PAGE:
# A How to do a correct prediction

1. Apr 18, 2017

### FallenApple

So say I want to predict the next point in the data.(or outside since its prediction)

So first, I would include all the variables inside the dataset into the initial model. Then I would use stepwise AIC to iteratively reduce the model down to the final model with minimum AIC. ( I can do this because I do not care about causal explanation, just about prediction)

Now, should the large model consist of just sums of the variables, or should it also include all possible combinations of interactions as well?

Finally, what do I with the final model? Do I just interpret the estimates and confidence intervals as usual?

2. Apr 18, 2017

### Number Nine

If you want to do prediction, why use AIC? Why not evaluate prediction error directly? Cross-validation is what you want. Just compare all the models you're interested in and choose the one with the best predictive performance. The AIC is actually asymptotically equivalent to leave-one-out cross validation, but LOO-CV has weird properties, so go with something like k-fold cross-validation.

Last edited: Apr 18, 2017
3. Apr 18, 2017

### FallenApple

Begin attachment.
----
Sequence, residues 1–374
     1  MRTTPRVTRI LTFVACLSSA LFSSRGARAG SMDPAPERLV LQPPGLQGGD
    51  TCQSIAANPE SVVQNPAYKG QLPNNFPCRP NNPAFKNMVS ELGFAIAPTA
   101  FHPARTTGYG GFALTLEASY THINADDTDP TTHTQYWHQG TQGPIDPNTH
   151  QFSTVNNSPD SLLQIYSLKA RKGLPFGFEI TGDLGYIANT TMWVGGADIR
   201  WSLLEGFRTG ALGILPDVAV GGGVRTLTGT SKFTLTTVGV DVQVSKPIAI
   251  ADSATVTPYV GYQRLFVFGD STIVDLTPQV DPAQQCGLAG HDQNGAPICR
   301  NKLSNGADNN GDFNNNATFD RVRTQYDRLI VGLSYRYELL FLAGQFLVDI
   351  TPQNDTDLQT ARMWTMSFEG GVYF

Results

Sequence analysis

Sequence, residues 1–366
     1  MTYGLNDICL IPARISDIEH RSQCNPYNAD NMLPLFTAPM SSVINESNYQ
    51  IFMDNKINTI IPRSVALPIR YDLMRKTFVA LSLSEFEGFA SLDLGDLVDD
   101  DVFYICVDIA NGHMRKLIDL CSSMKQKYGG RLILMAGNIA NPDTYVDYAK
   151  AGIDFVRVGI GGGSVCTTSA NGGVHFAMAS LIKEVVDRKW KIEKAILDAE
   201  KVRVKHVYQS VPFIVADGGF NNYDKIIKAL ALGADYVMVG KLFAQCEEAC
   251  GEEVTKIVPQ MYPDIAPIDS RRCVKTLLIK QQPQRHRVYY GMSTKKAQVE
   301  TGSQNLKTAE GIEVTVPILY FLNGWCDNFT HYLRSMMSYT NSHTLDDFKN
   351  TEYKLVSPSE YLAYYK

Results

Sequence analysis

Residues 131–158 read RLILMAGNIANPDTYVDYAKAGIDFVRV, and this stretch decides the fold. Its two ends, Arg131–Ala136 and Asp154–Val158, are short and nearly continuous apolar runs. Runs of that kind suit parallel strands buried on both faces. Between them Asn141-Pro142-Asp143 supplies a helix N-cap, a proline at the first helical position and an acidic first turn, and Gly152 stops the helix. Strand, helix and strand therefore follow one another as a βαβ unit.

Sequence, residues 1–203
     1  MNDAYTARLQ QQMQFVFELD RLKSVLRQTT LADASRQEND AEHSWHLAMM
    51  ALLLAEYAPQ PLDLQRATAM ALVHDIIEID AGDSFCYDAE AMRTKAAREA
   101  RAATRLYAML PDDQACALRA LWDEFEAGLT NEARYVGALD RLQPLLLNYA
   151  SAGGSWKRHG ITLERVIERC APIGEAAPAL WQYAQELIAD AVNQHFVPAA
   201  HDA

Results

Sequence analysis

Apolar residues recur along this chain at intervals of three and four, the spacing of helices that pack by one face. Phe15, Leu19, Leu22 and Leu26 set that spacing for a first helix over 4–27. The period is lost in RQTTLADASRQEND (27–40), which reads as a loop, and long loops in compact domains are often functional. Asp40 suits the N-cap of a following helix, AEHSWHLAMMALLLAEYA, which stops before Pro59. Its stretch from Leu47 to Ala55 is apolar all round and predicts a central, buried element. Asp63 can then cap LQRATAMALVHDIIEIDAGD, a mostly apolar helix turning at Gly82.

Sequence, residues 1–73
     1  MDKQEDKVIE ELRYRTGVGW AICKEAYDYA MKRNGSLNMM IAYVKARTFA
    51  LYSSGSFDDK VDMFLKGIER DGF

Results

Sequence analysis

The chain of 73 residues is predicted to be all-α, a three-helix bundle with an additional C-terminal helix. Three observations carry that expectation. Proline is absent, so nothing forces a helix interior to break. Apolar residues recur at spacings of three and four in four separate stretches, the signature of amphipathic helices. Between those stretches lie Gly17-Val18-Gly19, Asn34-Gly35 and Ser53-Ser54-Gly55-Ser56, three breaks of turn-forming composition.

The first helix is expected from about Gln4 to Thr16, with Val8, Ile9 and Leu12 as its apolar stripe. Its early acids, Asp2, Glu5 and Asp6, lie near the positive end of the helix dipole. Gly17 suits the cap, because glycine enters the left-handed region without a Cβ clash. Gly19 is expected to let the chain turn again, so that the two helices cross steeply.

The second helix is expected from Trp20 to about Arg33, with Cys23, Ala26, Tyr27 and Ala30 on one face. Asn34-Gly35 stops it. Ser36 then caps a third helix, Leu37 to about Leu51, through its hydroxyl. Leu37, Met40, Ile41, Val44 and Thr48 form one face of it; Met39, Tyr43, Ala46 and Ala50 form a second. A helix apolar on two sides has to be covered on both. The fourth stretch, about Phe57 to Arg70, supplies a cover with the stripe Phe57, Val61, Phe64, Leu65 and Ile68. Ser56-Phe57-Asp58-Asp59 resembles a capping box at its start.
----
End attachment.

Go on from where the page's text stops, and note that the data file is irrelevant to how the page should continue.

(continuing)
Got it.

But what if I don't have any models in mind?

Then should I just take a combination of each possibility? For example, say I want to predict y and my data set has x1,x2,x3. Then complete model with everything in it is y=x1+x2+x3+x1*x2+x1*x3+x3*x2+x1*x2*x3. That is the complete model. Then whatever valid algorithm should be able to spit out the subset that best predicts y.

What if I have some models in mind from knowledge of the science? Then would that influence my choice for the prediction?

4. Apr 18, 2017

### Number Nine

This is actually a bit of a tricky question. The simplest approach would be to just compare all possible models and select the best one, which would be 2^7 = 128 models in your case, which might take a while if you have to code them manually.

If you want to try something a little more sophisticated, my general approach to these kinds of problems is to fit the full model (with all variables and all interactions) and put a penalty on the model which will help to prevent overfitting and automatically select which variables should be included. For example, elastic-net regression is a modified version of ordinary least-squares regression which shrinks the coefficients towards zero (which tends to help avoid overfitting and increase predictive power) and has the power to set some coefficients to exactly zero, in some sense "automatically" removing variables which do not contribute to the model. If you're comfortable with R, there are several packages which will do this, included glmnet:

https://web.stanford.edu/~hastie/glmnet/glmnet_alpha.html

The package, handily, can also do cross validation automatically. The above link includes a tutorial.